The Summers criticism is trivially rebutted. See the hint labeled "Resource Severance" at

Econ Amateur said...

If this isn't a sly ad-homonym attack then the reference to Marx is completely irrelevant. Since he admits the irrelevance, one can conclude the sly ad-homonym was the point.

However that being said, not even Marx was wrong 100% of the time.

We all agree that payment for scarce resources at market rates is needed to best allocate them. But there is no purpose served in having these payments collected privately. A small percentage can be left available to drive market evaluations. But since the condition for rent collection comes from initiated exclusionary force, those values belong to the people whose freedom has been restricted. Thus the demands of equal freedom and prohibiting the postive feedback to aggression, drive a need to minimize that market available rent to the smallest practical amount.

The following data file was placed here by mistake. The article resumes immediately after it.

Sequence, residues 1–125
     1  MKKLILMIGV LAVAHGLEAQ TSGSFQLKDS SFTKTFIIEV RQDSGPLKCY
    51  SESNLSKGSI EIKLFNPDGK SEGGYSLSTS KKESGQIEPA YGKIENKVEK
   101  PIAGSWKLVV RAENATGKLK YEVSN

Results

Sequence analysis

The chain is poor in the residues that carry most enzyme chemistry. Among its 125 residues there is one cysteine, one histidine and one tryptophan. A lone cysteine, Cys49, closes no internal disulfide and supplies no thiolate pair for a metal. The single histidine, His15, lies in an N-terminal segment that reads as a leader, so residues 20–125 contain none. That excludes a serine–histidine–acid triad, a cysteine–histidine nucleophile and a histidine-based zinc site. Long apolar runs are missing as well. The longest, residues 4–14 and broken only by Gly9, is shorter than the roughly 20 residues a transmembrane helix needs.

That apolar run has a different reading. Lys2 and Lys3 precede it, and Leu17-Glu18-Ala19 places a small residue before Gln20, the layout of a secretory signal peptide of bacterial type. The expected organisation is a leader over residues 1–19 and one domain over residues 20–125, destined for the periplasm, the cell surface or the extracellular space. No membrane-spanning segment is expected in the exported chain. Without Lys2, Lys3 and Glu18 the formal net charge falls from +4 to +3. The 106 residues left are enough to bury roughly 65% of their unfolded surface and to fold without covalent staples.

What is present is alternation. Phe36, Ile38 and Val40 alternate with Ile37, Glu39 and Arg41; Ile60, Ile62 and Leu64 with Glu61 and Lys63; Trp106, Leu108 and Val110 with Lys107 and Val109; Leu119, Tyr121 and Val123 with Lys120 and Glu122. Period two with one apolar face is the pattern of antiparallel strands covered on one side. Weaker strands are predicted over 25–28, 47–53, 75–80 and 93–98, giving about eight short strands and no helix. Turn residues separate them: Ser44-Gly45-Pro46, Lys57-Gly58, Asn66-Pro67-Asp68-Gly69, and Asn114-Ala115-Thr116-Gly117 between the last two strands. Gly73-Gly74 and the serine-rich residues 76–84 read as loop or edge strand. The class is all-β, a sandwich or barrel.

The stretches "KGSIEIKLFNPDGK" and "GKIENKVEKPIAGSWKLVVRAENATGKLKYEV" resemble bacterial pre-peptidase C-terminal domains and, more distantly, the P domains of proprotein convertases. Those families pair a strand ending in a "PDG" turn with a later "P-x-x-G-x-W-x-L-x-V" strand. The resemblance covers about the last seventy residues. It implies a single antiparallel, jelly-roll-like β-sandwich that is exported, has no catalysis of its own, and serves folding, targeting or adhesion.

The point that Locke's proviso makes no sense in practice, is valid. But the practice of Lockes proviso is not its salient point. Locke was pointing out that not leaving as good for others is aggression. And this is true. It would take the Physiocrats, Thomas Paine, and finally Henry Goerge to point out that a payment for this aggression is sufficient to meet the needs of "as good for others".

Unknown said...

Thomas Paine's last writing, "Agrarian Justice," incorporated the notion of"ground rent." (1797)